Monday, 3 June 2019

"My Island" by Stephanie Demasse-Pottier and Seng Soun Ratanavanh (Princeton Architectural Press)

Children's imaginations are boundless, seemingly endless, not tied down by the mundane everyday world that we adults find ourselves often ground down by.

So it's always something rather special to dip into a book that accurately portrays what it's like to be a child again, and have your own imagined world to play in.

"My Island" by Stephanie Demasse-Pottier and Seng Soun Ratanavanh may not be breaking any new ground in terms of theme, after all we've seen a huge number of picture books that deal with the subject of a child's imagination.

But we've seen seldom few that are as stylishly and brilliantly produced as this one.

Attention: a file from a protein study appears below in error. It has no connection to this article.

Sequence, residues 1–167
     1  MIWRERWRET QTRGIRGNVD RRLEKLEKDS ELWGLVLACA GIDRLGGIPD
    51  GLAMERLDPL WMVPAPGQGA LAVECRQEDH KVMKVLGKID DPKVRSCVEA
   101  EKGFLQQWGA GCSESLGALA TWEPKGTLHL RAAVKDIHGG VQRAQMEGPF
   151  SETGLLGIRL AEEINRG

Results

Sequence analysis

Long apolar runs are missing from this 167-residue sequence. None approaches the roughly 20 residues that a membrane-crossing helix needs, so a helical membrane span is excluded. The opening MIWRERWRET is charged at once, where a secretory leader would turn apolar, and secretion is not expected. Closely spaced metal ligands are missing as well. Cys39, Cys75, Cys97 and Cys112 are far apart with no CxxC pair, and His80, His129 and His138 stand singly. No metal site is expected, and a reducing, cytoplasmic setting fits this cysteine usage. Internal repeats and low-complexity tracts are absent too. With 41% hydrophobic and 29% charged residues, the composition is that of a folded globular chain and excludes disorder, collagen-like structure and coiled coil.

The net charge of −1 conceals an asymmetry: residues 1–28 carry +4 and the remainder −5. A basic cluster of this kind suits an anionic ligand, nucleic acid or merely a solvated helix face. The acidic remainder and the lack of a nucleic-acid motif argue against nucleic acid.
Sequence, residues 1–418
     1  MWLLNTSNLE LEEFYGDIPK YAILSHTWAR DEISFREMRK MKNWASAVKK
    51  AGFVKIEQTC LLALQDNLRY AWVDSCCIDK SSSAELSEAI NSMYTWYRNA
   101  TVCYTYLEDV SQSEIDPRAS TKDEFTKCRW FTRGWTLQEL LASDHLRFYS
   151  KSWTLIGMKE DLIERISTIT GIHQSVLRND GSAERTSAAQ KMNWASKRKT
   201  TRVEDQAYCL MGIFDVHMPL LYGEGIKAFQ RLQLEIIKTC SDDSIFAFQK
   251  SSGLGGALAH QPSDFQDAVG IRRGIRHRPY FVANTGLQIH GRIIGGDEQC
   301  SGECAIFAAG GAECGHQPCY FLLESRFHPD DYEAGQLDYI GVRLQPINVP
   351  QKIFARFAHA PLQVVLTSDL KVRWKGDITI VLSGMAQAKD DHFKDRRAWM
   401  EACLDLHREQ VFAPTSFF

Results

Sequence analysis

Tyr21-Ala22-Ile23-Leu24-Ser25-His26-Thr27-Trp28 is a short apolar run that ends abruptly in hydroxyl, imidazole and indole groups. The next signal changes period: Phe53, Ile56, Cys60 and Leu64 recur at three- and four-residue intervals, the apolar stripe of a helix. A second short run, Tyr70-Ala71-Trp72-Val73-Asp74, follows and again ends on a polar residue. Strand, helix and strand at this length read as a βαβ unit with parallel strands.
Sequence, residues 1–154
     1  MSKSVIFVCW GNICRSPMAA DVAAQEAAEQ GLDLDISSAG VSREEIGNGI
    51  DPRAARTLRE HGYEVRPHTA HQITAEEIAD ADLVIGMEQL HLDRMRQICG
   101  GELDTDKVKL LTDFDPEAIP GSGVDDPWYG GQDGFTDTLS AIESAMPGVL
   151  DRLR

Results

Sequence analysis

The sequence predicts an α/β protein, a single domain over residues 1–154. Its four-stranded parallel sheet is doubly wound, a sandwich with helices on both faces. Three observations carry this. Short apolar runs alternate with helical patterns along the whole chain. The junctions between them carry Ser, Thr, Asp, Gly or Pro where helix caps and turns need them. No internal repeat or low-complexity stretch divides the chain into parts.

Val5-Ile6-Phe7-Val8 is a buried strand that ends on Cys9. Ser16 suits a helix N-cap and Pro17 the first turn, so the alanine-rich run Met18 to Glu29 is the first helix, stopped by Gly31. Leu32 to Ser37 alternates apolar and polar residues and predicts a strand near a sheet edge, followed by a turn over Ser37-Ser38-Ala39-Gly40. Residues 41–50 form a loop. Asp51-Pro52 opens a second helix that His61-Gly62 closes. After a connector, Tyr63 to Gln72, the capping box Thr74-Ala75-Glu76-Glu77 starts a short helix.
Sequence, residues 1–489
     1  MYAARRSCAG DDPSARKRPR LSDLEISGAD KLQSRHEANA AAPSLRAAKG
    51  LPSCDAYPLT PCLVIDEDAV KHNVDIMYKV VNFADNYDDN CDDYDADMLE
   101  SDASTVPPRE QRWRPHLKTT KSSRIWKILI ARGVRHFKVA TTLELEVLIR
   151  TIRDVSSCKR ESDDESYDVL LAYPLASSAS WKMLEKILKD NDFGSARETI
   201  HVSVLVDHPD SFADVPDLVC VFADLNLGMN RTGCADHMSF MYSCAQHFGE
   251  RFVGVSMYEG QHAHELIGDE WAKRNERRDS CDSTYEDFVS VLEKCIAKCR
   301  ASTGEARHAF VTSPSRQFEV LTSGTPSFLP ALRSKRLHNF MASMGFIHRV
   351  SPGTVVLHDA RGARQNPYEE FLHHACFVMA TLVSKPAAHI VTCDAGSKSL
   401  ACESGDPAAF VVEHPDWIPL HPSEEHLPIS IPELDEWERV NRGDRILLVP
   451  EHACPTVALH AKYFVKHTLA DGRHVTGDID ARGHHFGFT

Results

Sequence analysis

For me, it harks back to picture books I remember as a child, and a specific style of art that you saw an awful lot of in the 70s (that I'd probably, as an adult, describe as being like a voyage to trip-out city!)

Such delightful little characters in this utterly charming book

For C it's all about the details, and in Seng-Soun's illustrations you'll find amazing details, unexpected objects and animals, plants and people turning up in abundance as the little girl at the core of the tale lets her imagination run wild.

Imagine having an island you could construct and populate with your mind. Wow. 
It's lyrical and poetic stuff, with those illustrations really underpinning the story of what it's like to have that child-like wonder, that fills your world with endless possibilities every single day.

The most amazing tea party since Alice and the Mad Hatter dunked a dormouse in a teapot

Never lose that folks, cling to it for as long as you can.

Sum this book up in a sentence: A day-dreamy and glorious celebration of the imagination of a child, depicted with easy text and glorious illustrations.

"My Island" by Stephanie Demasse-Pottier and Seng Soun Ratanavanh is out now, published by Princeton Architectural Press (kindly supplied for review).